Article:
Liberman's statements provide Russia with the time to discuss with Assad what comes next and to weigh whether Iran's presence in Syria is worth the possibility of Israeli action that would harm Moscow's ally.

This is a very sensitive period, with tensions between Hezbollah and Saudi Arabia and Israel at an all-time high. With the war against Islamic State winding down and Russia, the US and Jordan signatories to a cease-fire in southwest Syria near the Golan border, no one wants a new conflict. Yet Iran is aggressively asserting itself. Gen. Muhammad Hossein Baqeri, the chief of staff of Iran's armed forces, told Shargh newspaper in Iran that he is seeking distant bases. "It may become possible one day to have bases on the shores of Yemen or Syria."

Israel Air Force Maj.-Gen. Amir Eshel said in August that Israel had carried out almost 100 air strikes in Syria over five years to prevent weapons transfers to Hezbollah. Russia, Iran and Syria all know that Israel can act. Liberman's comments appear to put the breaks on the warnings, with hopes Russia will convince Assad that as the war enters a new phase in Syria, with cease-fires and de-escalation, it doesn't need Iran as much.

According to Dr. Eran Lerman, the vice president of the Jerusalem Institute for Strategic Studies and lecturer at Shalem College, Israel's real interest today is to prevent Jordan from being destabilized by Iran. He said Iran's Supreme Leader Ayatollah Ali Khamenei recently referenced the need to "turn the West Bank into the next Gaza," and that to do that Iran would want to gain access via Jordan.

"The larger question of Iranian bases deeper into Syria – that is a question of what to do about them. I don't think they can change the strategic balance, given that the Syrian military is a shadow of its old self," said Lerman.

The real redline today is not rhetoric about throwing the Iranians out of Syria, which isn't realistic, "but in more limited terms there are real redlines we can talk to the Russians about."


Tags:
hezbollah syria iran syria israel and syria

Related Content
Hamas and Fatah ask Egypt to postpone transfer of responsibility for Gaza

>

Sarona gunmen get four life sentences for shooting that killed four >
Hamas, PA unity appears to founder

By Adam Rasgon
November 30, 2017 01:26
Under an agreement signed by Hamas and Fatah in Cairo in mid-October, the PA is supposed to take full responsibility for Gaza by Friday.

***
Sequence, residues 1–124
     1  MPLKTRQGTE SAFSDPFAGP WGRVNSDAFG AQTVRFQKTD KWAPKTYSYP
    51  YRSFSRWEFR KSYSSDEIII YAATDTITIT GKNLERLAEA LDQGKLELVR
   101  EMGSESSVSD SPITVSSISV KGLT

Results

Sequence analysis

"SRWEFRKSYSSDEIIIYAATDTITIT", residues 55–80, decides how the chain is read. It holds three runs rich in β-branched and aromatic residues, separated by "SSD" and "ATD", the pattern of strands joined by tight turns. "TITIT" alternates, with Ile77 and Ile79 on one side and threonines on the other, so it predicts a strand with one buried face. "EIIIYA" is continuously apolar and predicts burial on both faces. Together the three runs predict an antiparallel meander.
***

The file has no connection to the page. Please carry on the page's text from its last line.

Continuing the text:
Hamas and Fatah ask Egypt to postpone transfer of responsibility for Gaza

Head of Hamas delegation Saleh Arouri and Fatah leader Azzam Ahmad sign a reconciliation deal in Cairo, Egypt, October 12, 2017.. (photo credit: REUTERS/AMR ABDALLAH DALSH)

Hamas and Fatah on Wednesday asked Egypt to postpone the transfer of responsibility for the Gaza Strip from Hamas to the Fatah-dominated Palestinian Authority.

Under an agreement signed by Hamas and Fatah in Cairo in mid-October, the PA is supposed to take full responsibility for Gaza by Friday. Hamas has controlled Gaza since ousting the PA in 2007 from the territory.

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"Hamas and Fatah requested that the Egyptian brothers postpone the completion of the government's take over of its responsibilities in the Strip…from December 1 to December 10," Fayez Abu Eitah, a Gaza-based Fatah official, said, reading a joint Hamas-Fatah statement. "This is to complete the arrangements to guarantee the achievement of reconciliation."

The statement came after a meeting between Hamas, Fatah, PA and Egyptian officials in Gaza.

In the past week, Hamas and Fatah have fought over the implementation of the mid-October agreement, accusing each other of evading their commitments to it.


Tags:
Hamas hamas egypt hamas fatah

Related Content
November 30, 2017
Hamas, PA unity appears to founder

By ADAM RASGON

FOREIGN MINISTERS Sergei Lavrov (C) of Russia, Walid al-Muallem (L) of Syria and Mohammad Javad Zari Analysis: Israel zigzags on Iranian bases in Syria to give Russia room

By SETH J. FRANTZMAN
Israel to appoint new envoy to Jordan in bid to heal ties

By HERB KEINON, MICHAEL WILNER
An activist is removed by security forces from the Netiv Ha'avot outpost during a demolition. WATCH: Israeli forces face off with settlers during outpost eviction

By TOVAH LAZAROFF
Defense Minister Avigdor Liberman on Israel's northern border, November 2017 Defense Minister: There are no Iranian military forces in Syria

By ANNA AHRONHEIM